ARLINGTON — When Royals starter Jonathan Heasley got into a bind in the fourth inning Thursday night against the Rangers, loading the bases with one out and Kansas City trailing by a run, manager Mike Matheny called on lefty Amir Garrett to face the top of Texas’ order and left-handed hitting Brad Miller.
Garrett admitted when he comes into those situations, he’s looking for the strikeout every time.
Although he wasn’t complaining about the results he got instead.
Garrett threw four pitches, all sliders, and got out of the jam with two pop-ups, one in foul territory, giving the Royals every chance in a game they would eventually drop, 3-1, in the series finale at Globe Life Field.
When Garrett entered in relief, the game was on the line. Heasley had allowed one run in the first inning but otherwise held off the Rangers despite four walks in 3 1/3 innings. Making his first big league start of the year, Heasley reached 80 pitches after allowing a leadoff single and walking two in the fourth inning.
“Things could have easily got away there,” Heasley said. “They could have built a bigger gap. So that was clutch by Amir. I know these guys got my back.”
Garrett threw a first-pitch slider to Miller for a ball, but then threw another up in the zone. Miller — who homered later in the game — swung and popped up to third baseman Emmanuel Rivera. Then Rangers catcher Jonah Heim swung through a low slider before fouling off another up in the zone.
Right fielder Whit Merrifield was there to catch it.
“We talk a lot about leverage, and I think most people think right away that’s seventh, eighth, ninth [innings],” Matheny said. “But right there in the fourth, that’s the biggest part of the game.”
Garrett genuinely enjoys the big moments, and he wants to be in situations like Thursday’s — no matter what inning.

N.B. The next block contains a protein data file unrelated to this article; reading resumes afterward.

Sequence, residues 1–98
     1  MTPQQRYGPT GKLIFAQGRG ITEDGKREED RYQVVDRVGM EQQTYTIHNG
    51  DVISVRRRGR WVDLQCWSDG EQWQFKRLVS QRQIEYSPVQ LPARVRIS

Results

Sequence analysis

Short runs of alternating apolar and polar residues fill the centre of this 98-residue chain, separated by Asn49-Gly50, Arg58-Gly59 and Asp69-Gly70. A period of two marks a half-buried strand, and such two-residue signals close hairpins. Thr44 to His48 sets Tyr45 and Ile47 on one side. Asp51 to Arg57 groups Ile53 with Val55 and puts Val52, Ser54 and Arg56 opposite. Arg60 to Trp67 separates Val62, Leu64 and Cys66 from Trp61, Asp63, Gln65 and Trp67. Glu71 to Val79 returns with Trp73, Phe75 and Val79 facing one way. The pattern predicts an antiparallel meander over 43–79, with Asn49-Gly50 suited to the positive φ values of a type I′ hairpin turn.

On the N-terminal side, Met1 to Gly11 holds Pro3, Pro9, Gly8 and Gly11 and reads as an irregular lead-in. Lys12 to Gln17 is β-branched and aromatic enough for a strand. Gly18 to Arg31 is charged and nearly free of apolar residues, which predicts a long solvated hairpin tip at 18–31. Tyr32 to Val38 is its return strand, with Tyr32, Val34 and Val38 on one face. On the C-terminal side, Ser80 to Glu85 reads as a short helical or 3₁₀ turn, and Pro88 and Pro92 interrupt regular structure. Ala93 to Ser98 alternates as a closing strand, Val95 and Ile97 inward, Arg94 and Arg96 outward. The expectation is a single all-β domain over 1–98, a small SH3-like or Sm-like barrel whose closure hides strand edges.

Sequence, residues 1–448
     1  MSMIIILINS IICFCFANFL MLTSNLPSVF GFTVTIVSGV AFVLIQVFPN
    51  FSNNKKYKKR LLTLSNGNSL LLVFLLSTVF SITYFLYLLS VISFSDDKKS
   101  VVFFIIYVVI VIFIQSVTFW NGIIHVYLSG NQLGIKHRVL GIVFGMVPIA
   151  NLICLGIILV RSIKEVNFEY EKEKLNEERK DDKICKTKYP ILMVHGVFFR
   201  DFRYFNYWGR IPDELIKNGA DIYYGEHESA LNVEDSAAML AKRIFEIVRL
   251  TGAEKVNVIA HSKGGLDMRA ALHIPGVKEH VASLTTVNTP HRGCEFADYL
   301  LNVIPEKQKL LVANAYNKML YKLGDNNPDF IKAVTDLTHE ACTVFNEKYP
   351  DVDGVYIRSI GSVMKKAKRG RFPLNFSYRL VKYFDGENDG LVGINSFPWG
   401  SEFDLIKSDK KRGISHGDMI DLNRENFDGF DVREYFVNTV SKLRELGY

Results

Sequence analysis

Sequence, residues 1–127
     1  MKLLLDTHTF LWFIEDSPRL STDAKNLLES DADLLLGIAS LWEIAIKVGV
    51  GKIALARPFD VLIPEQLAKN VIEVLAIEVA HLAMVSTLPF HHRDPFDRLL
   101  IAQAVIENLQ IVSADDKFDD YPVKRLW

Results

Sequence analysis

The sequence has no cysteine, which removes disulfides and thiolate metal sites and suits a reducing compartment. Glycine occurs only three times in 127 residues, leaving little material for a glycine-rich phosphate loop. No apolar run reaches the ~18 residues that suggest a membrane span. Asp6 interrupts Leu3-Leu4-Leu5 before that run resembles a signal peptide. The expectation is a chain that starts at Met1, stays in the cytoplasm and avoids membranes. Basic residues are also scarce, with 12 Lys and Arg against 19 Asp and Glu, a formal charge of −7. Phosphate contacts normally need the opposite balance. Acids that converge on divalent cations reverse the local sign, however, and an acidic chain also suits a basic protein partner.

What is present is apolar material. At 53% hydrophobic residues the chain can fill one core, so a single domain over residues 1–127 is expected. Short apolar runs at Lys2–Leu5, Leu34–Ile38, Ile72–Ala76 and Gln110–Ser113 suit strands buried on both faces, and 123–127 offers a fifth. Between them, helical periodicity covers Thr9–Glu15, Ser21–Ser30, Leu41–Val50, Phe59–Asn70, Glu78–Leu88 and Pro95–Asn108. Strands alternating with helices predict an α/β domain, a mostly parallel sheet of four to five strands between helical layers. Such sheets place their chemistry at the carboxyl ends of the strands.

“Essentially, that’s the ballgame right there,” Garrett said. “If those guys score, now they’re up 4-0 or whatever. I love those situations. I want to be in those situations more. I’m just here to help the team as much as I can.”
Garrett’s slider has always been dominant for him, and it was part of the reason the Royals’ traded for Garrett this offseason, sending starter Mike Minor to the Reds and enhancing their bullpen with a high-powered lefty.
Garrett, who has a 2.70 ERA, has thrown his slider 114 times over his 10 innings on the mound this season, and hitters have recorded just two hits off it.
The 30-year-old throws his slider 73 percent of the time, but the way he manipulates the grip and the spin on it really gives him three pitches in one. Not only does that allow him to throw it as much as he does and keep hitters off balance, it gives him a weapon against right-handers.
When Garrett went back out for what would be a perfect fifth inning, he struck out right-hander Adolis García swinging on a slider up and in.
“It can look like a cutter, I can go backdoor, it can look like a changeup,” Garrett said. “I can have a wipeout slider. Just getting better every day and keeping the hitters guessing, that’s what I’m trying to do. I only have two pitches, so [the variations] give me more.”
The effectiveness of Garrett’s slider allows him to place his fastball when and where he wants it. He’s thrown 41 fastballs this season without a hit allowed on the pitch.
“Looks great,” said Matheny, who was a big advocate for acquiring Garrett this offseason after watching him pitch for years with the Reds and while managing the Cardinals. “He’s making really smart pitches with the fastball, too, and he’s got some good life on it.”
Garrett gave the Royals every chance to win the finale and inject some momentum as they head to Colorado for the final leg of this nine-game road trip. But the offense mustered just one hit in seven innings, and even though they strung three singles together in the eighth to score a run, their struggles with runners in scoring position returned.
Kansas City left nine on base and was 1-for-6 with RISP.
“We need a big hit in that situation,” Matheny said.
The Royals targeted Garrett to assemble the best bullpen they could, with the hope that it could pick up the young rotation. For the most part, the bullpen has done that — Garrett included.
Now, the offense must do its part.
“Everything is going to come together,” Garrett said. “The pitching, the hitting. Right now, it seems like it’s one or the other. But when we all figure out how to mesh together, it’s going to be scary here.”